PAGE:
A few months ago I quoted Jared Diamond’s book Guns, Germs, and Steel in which he tries to come to grips with the forces that have brought us to where we are at this point in history. He talks about the intelligence of the so-called “primitive” people who must daily solve practical problems in order to simply survive, while we moderns ignore those problems, convinced they are not real problems or if they are someone else will solve them. He notes in this regard that
“. . .there is a . . . reason why the New Guineans may have come to be smarter than Westerners. Modern European and American children spend much of their time being passively entertained by television, radio, and movies. In the average American household the TV set is on for seven hours per day. In contrast, traditional New Guinea children have virtually no such opportunities for passive entertainment and instead spend almost all of their waking hours actively doing something, such as talking or playing with other children or adults. Almost all studies of child development emphasize the role of childhood stimulation and activity in promoting mental development, and stress the irreversible mental stunting associated with reduced childhood stimulation. This effect surely contributes a non-genetic component to the superior average mental function displayed by New Guineans.”
This observation reinforces the claims that I, along with many others, have made about the problems we will increasingly face and be unable to solve. My concern with the self-esteem movement, which in itself may seem trivial, is rooted in this same concern: how will self-absorbed minds atrophied like ours are becoming be able to deal with real-life problems of survival which are increasingly complex and pressing?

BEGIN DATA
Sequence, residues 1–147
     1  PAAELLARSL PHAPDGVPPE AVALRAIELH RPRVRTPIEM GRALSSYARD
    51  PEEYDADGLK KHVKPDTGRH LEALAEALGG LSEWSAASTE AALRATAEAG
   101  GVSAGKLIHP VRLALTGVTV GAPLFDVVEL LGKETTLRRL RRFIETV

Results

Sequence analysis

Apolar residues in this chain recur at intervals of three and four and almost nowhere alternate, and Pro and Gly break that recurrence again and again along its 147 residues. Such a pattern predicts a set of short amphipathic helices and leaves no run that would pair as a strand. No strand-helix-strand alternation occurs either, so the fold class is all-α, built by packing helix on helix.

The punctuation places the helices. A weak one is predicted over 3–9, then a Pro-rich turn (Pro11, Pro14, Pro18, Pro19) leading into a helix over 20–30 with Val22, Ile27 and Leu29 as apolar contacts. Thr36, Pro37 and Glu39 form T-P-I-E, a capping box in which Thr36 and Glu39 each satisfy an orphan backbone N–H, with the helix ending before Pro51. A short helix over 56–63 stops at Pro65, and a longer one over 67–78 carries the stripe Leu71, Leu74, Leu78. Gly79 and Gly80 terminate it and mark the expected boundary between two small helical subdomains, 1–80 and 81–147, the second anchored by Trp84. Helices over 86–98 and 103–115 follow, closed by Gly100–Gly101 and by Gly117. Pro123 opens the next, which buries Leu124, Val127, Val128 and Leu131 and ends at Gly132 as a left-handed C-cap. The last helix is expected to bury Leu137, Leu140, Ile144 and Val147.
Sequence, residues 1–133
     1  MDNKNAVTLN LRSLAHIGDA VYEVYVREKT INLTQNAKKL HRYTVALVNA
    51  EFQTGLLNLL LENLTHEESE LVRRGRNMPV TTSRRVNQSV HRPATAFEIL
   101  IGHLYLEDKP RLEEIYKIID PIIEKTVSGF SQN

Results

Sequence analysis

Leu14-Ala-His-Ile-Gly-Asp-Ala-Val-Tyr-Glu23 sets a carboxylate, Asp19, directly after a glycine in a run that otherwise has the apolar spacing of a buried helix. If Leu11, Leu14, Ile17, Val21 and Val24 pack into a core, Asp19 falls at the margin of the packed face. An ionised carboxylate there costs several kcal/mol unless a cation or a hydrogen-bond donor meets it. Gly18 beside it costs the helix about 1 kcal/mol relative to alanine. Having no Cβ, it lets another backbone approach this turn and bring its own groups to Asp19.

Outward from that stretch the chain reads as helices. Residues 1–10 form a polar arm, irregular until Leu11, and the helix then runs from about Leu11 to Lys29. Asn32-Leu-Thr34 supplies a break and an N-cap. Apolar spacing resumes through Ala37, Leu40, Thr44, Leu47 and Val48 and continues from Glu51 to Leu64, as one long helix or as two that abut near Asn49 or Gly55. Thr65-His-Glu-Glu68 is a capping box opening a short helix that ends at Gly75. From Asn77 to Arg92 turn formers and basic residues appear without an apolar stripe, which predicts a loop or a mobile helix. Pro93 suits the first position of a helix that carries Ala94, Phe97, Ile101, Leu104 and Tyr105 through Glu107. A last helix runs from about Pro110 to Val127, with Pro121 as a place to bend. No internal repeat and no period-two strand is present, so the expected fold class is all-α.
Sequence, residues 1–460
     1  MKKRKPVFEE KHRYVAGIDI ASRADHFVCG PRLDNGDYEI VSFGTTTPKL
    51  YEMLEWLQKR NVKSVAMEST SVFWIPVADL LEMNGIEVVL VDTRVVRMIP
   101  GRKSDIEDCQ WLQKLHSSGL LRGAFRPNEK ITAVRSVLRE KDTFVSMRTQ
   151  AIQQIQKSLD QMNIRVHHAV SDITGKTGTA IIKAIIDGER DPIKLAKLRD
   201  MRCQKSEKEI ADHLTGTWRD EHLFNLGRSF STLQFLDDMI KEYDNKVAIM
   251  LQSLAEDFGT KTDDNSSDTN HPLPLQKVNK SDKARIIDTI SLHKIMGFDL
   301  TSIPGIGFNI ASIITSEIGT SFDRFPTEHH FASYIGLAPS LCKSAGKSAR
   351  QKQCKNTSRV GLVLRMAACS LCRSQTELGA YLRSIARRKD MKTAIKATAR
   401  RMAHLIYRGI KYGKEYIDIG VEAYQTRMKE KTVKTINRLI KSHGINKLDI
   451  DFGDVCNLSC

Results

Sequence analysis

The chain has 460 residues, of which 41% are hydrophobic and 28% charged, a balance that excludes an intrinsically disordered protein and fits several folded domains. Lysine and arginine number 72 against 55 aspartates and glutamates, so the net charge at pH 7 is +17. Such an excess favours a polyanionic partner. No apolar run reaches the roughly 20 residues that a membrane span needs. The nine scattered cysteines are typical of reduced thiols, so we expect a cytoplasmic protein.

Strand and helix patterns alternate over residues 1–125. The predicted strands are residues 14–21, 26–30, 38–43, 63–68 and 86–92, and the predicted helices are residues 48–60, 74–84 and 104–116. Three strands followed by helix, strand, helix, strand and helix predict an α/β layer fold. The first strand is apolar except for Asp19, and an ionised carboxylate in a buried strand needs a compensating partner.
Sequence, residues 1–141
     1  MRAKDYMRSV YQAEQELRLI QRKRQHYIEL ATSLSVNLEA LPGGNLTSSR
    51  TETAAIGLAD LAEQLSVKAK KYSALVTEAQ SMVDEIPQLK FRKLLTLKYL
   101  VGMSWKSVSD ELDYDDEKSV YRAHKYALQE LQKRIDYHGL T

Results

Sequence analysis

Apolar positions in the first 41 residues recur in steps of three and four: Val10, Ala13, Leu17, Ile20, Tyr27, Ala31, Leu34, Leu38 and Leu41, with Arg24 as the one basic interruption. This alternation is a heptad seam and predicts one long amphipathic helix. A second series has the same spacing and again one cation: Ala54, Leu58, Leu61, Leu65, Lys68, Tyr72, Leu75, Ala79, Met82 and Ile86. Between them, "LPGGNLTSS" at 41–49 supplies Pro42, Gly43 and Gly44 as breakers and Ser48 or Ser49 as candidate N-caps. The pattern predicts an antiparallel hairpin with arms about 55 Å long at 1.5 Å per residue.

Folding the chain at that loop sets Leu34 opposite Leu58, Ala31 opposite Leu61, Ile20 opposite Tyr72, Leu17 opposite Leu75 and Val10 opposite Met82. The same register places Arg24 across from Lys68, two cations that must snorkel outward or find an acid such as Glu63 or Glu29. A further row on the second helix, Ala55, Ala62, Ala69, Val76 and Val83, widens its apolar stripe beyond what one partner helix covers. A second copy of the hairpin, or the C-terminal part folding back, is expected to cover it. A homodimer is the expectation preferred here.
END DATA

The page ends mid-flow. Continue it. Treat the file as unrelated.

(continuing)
Ironically, Thomas Jefferson, of all people, characterized such minds centuries ago when he was remarking about aristocratic people, whom he held in very low regard — such people as kings and their courtiers:
“Now, take any race of animals, confine them in idleness and inaction, whether in a stye, a stable, or a stateroom, pamper them with a high diet, gratify all their sexual appetites, immerse them in sensualities, nourish their passions, let everything bend before them, and banish whatever might lead them to think, and in a few generations they become all body and no mind. . .”
In my view this is why a good education is so important. The average person today lives the life of the kings and courtiers of Jefferson’s day. And they all have electronic toys — as was made clear in a photo going the rounds on Facebook in which a dozen teenagers are sitting in a museum in front of Rembrandt’s “Night Watch” texting. Every single one of them is attending only to the toy in his or her hands and ignoring the beauty around them — and each other. Our kids are becoming “all body and no mind” and this does not bode well for a future when these folks will be faced with problems we can only now begin to imagine.